Harry Sydney, Chris Jacke, Cathy Dworak honored at inaugural PFRPA Champion Luncheon

Jun 13, 2024


GREEN BAY, Wis. (WFRV) – The first-ever Pro Football Retired Players Association Champion Luncheon came to Green Bay on Wednesday, which was highlighted by several local community members being honored for their work.

PFRPA is designed to develop programs and benefits for the betterment of retired NFL players. It created the Champion Awards to recognize those who have made a contribution to retired players.

Former Packers running back Harry Sydney was honored for founding and continuing his work with his nonprofit, My Brother’s Keeper, 21 years ago to mentor young men, especially recent fathers.

“Every decision we make, there’s collateral damage. And if you’re a father with kids, you don’t want them paying the price for a mistake that you make,” Sydney said. “I want them to realize that they’re part of the big picture, and the big picture starts with them.”

Former Green Bay Packers kicker Chris Jacke received the award for his work with Player Alumni Resources to keep the camaraderie of fans and retired players alive.

“Just a way to keep the fans connected with alumni that I played with or even some of the guys I didn’t play with,” Jacke said.

Green Bay Packers director of community outreach and player alumni relations Cathy Dworak was celebrated for her efforts in keeping active and retired players involved with fans and the community.

“It’s just nice to be able to give back to them now that they have left the game and to be able to give them opportunities to help them better their lives as well,” Dworak said.

Darrell Thompson, Former Green Bay Packers running back and PFRPA chair, explained that the event is not only designed to celebrate those doing good for retired veterans but also to help the organization and the organizations that the honorees work with gain more support.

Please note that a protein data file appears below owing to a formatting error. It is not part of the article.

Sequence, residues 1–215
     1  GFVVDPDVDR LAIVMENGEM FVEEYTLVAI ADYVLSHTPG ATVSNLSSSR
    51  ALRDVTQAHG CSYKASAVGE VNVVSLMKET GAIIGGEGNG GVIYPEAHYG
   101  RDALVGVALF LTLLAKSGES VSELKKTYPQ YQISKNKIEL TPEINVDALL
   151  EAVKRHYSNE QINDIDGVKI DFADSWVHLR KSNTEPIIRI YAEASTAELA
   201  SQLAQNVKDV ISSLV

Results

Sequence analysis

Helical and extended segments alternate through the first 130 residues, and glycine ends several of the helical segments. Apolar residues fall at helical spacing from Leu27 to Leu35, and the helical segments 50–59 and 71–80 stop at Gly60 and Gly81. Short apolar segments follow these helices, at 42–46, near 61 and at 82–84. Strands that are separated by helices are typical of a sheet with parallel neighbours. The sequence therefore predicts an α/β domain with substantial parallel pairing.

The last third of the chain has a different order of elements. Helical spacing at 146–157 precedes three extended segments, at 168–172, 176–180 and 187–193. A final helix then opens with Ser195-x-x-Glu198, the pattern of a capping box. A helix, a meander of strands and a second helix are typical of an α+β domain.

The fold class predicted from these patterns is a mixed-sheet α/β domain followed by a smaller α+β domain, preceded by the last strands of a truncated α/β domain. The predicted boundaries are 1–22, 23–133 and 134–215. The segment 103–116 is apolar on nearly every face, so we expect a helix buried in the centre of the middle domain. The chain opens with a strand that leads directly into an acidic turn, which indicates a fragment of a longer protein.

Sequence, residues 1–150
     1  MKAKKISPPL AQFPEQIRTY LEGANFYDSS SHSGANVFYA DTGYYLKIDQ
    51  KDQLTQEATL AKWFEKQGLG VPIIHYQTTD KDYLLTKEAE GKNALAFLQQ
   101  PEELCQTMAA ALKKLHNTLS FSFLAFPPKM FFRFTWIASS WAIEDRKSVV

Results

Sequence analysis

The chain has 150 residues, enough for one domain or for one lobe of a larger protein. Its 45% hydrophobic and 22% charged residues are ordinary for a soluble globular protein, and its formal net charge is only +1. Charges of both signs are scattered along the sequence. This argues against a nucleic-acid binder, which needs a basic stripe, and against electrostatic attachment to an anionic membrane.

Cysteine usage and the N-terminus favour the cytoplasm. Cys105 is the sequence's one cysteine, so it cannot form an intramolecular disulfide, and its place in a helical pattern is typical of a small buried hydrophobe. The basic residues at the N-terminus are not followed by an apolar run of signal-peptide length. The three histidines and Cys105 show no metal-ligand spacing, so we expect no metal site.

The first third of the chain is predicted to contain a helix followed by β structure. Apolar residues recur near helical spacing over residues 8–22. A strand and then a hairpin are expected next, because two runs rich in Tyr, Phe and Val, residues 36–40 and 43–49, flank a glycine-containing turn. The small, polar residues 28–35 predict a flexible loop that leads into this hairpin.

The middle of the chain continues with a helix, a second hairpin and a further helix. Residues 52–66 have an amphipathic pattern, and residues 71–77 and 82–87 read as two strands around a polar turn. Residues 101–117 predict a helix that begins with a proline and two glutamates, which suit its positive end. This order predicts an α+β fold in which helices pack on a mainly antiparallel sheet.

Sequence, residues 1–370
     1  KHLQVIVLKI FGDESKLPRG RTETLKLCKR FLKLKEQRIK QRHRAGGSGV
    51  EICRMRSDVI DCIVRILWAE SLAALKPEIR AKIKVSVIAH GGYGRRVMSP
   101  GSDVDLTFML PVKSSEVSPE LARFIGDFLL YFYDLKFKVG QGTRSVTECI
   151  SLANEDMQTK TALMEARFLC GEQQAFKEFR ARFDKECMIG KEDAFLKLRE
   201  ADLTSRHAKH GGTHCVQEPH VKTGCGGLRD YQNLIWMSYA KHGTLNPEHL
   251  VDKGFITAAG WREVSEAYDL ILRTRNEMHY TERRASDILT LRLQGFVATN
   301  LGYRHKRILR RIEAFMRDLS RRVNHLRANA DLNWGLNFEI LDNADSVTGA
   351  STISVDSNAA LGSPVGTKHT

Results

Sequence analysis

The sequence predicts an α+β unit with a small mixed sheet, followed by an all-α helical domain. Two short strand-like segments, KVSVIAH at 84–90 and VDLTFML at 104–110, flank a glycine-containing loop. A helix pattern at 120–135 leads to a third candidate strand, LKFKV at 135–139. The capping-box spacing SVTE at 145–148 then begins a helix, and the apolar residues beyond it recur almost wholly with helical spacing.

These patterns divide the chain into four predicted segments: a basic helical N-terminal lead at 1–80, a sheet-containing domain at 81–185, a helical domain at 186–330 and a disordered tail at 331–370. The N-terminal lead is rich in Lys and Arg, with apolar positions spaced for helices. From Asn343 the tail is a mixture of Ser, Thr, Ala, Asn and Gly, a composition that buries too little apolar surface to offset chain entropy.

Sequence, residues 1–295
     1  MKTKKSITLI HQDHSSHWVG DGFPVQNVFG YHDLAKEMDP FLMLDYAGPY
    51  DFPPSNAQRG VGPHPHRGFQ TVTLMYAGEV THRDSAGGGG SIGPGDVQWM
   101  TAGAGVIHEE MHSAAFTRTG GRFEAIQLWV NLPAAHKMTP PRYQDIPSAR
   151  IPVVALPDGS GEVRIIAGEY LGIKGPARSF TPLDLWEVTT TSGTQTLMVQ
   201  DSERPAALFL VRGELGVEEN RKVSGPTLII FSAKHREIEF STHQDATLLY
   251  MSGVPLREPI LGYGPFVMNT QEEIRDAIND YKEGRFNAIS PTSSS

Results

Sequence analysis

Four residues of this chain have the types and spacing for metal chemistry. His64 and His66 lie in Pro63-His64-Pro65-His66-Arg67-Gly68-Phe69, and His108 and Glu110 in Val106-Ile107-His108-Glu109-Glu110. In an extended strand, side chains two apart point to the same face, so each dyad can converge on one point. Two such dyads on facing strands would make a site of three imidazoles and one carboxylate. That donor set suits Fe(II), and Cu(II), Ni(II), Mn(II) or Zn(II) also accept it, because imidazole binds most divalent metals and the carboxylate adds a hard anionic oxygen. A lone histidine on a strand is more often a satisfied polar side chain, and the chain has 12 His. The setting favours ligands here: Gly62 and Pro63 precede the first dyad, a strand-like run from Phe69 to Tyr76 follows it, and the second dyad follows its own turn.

“We’re excited about growing the opportunity, growing the organization, recognizing these folks, and hopefully growing their organizations as well,” Thompson said. “So we’re trying to have a win-win-win situation for everyone.”

Former Chicago Bears linebacker Mike Singletary says that mental health and financial literacy are two of the most crucial issues players faced when he started playing and continue to face today.

“Primarily mental health. When you get out of the game, there are a lot of things players face that people don’t necessarily think about,” he said, especially losing the locker room as an outlet for support. “[And financial literacy], you know, a lot of guys start coming into the league and really think they’re making a couple thousand dollars, thinking that’s a lot of money, without realizing that doesn’t go very far.”

Dave Robinson, a former Green Bay Packers linebacker, says that while players’ struggles certainly continue to exist, financial literacy issues and salary have improved slightly.

“Nothing for the retired players, nothing like today,” Robinson said. “The retired players couldn’t take care of themselves, really, because we didn’t have the resources or anything else. [Green Bay] was a town of 60,000 and had 40 ball players and half of them needed jobs in the offseason.”

PFRPA leadership says that it plans to continue the event in the future, traveling around to different cities.

“Every time you learn something new about what the players are going through, and what some of the players have been through. So it’s a nice thing to be a part of and hopefully make a difference.”

Read the original article on Local 5 News (CBS).


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